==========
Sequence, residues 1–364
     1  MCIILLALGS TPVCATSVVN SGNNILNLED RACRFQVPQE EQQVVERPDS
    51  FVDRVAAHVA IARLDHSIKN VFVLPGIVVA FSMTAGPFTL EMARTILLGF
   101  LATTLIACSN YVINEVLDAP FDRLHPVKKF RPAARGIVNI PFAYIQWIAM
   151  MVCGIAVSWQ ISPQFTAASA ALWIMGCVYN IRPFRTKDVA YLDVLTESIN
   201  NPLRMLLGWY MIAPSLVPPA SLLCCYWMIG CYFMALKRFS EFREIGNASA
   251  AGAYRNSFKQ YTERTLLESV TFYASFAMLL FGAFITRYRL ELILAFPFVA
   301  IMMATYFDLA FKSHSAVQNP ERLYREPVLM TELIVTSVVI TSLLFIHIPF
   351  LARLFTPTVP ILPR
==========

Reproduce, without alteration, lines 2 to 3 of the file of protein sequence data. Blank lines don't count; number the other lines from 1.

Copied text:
     1  MCIILLALGS TPVCATSVVN SGNNILNLED RACRFQVPQE EQQVVERPDS
    51  FVDRVAAHVA IARLDHSIKN VFVLPGIVVA FSMTAGPFTL EMARTILLGF